What People are Saying About This
Mr. Zip and the Capital Z is like climbing up into your grandfather's lap to hear him tell a great old story. But like every good grandfather tale, there is always more than a story, there is a life lesson. Using history, timeless wisdom, and an array of curious characters, Kimberly Bryant-Palmer introduces us to a precocious young boy, Peanut Johnston, who enters the magical world of The Capital Z and is forever changed. This coming of age story promises to engage your imagination and warm your heart while teaching some of the most important lessons of life. Trust me, you will not be disappointed!
With her heartwarming accounts of the adventures of Peanut Johnson, Kimberly Bryant-Palmer not only breathes life into a delightful family of characters, but she immerses those characters and the reader into a well of historical events leaving us thirsty for more. Mr. Zip and The Capital Z is more than a fun read (although it is that!). It’s a learning experience… and it challenges the reader, no matter the age, to discover the secrets that make us who we are. The book is beautifully illustrated by renowned artist Jerry Palmer who just happens to be Kimberly’s husband. His drawings will draw you into the magical world of Mr. Zip as he teaches Peanut Johnson that sometimes we are who we are, because we are who we were. As the writer of Mr. Zip and The Capital Z, Kimberly-Bryant Palmer may have reached her zenith. I love this book, and my grandchildren do too!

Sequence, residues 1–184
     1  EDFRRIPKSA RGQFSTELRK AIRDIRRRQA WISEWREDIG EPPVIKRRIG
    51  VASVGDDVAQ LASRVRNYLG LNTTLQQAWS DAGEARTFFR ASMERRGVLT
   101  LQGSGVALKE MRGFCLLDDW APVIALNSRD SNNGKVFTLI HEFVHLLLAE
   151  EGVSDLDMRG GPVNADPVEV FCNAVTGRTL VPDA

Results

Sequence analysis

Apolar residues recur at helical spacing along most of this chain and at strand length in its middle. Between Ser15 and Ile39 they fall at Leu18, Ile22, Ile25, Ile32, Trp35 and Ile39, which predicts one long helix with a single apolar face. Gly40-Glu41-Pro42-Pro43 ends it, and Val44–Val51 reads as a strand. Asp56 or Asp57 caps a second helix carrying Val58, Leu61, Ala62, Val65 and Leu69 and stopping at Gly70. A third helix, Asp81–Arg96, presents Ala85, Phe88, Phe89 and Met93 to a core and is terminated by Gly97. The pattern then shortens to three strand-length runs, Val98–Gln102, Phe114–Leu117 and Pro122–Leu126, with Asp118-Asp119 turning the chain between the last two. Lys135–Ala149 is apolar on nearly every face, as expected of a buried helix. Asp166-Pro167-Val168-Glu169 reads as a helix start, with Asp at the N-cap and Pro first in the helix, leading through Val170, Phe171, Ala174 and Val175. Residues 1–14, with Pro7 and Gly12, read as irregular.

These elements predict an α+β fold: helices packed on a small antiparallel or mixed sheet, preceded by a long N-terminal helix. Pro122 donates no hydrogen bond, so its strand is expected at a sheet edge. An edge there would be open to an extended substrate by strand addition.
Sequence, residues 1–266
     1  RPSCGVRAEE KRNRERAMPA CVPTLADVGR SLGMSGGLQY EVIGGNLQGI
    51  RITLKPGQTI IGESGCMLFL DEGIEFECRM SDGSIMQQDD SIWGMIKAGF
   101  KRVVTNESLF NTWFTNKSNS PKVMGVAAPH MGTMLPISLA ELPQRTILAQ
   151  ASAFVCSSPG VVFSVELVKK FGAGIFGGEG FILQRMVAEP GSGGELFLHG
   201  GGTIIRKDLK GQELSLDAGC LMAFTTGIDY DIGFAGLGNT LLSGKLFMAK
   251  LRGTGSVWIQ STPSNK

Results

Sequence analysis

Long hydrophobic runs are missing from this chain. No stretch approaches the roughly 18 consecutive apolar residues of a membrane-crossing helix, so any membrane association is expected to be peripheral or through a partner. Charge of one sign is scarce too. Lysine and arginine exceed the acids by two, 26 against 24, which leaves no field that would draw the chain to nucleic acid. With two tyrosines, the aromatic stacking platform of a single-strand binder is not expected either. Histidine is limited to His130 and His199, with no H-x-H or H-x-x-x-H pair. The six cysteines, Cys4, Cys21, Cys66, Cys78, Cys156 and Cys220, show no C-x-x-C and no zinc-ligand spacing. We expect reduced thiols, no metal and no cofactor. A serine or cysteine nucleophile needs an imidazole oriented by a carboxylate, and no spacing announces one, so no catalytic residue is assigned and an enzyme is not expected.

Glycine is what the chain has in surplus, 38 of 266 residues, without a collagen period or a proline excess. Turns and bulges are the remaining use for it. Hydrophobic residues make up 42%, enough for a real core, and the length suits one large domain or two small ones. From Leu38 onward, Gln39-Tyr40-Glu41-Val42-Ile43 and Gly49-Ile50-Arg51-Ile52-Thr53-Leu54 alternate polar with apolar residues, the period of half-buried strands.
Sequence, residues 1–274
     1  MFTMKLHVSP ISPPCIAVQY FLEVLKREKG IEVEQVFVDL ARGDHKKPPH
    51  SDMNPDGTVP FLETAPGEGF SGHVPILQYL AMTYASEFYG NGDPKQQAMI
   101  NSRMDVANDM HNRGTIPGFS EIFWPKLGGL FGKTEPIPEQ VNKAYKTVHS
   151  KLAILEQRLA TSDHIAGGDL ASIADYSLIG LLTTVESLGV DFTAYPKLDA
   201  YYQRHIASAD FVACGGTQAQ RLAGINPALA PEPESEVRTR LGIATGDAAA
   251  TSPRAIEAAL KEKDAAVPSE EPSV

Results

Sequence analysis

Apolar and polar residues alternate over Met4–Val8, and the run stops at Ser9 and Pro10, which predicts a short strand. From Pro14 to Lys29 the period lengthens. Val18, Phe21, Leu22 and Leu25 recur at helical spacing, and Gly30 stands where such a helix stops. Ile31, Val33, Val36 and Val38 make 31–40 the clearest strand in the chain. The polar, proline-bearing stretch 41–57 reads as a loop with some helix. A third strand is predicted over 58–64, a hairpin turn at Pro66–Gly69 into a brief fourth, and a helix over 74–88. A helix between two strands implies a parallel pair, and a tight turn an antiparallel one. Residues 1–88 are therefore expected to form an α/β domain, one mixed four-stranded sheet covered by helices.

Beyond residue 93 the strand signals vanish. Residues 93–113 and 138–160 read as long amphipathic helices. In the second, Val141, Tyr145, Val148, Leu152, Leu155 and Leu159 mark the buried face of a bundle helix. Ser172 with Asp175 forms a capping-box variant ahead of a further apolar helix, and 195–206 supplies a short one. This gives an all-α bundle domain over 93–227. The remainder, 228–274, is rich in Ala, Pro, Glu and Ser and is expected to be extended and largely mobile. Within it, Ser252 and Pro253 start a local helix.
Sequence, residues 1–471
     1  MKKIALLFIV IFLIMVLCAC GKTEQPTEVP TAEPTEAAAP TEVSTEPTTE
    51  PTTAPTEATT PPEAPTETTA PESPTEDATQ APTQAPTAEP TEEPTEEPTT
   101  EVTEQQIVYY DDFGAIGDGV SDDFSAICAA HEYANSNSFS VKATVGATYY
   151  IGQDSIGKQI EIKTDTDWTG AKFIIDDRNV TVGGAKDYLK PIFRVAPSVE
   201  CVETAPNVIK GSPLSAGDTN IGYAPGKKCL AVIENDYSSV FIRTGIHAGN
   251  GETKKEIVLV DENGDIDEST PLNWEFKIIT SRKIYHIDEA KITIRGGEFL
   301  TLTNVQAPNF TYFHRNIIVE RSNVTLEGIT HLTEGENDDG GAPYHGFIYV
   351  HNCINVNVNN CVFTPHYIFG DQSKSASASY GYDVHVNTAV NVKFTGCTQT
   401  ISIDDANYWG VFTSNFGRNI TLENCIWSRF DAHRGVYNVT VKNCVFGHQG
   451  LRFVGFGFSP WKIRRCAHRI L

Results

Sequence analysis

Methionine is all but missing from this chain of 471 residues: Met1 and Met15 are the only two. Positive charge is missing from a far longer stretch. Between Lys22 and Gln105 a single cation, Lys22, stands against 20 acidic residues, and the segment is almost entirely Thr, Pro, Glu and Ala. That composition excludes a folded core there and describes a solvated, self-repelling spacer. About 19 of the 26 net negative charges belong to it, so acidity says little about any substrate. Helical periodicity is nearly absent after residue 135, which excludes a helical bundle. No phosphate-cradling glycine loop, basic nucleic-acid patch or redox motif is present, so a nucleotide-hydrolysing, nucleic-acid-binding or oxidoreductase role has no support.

Most Helpful Customer Reviews
Though I am an adult, I am a fan of young adult fiction in addition to my regular reading. I like to keep up with what kids are reading so that when my children are older I am in the habit and aware. Mr. Zip and The Capital Z caught my attention for the curiosity it piqued when I read the description. Any book I can find that is fiction but based in truth is a plus. The central character of the book, Peanut, stumbles across Mr. Zip and his shop The Capital Z one day, and he suddenly finds himself learning all kids of things about himself and his history by discovering artifacts in the shop. Various people from Peanut's life pop in and out of the story as he remains in the shop, some learning along with him as Mr. Zip spins tales that feel like reality. I found myself learning plenty of things as I read this book. A quick read for an adult, there was still plenty within the pages to expand my mind. Each historical idea is referenced within the book for further learning. The intermittent illustrations help add a visual to the story, while not adding so much as to take away from what my own mind constructed in pictures. I found the extra characters visiting the shop a little distracting and off point, but otherwise really enjoyed the book and the history lessons it brought with the entertainment. I will be tucking this book away for future reading when my children get older, as the history lessons inside alone are worth the investment of this book You can learn more about this book by visiting www.MrZipBooks.com. *Disclaimer: I received this book for free in exchange for my honest and un-biased review.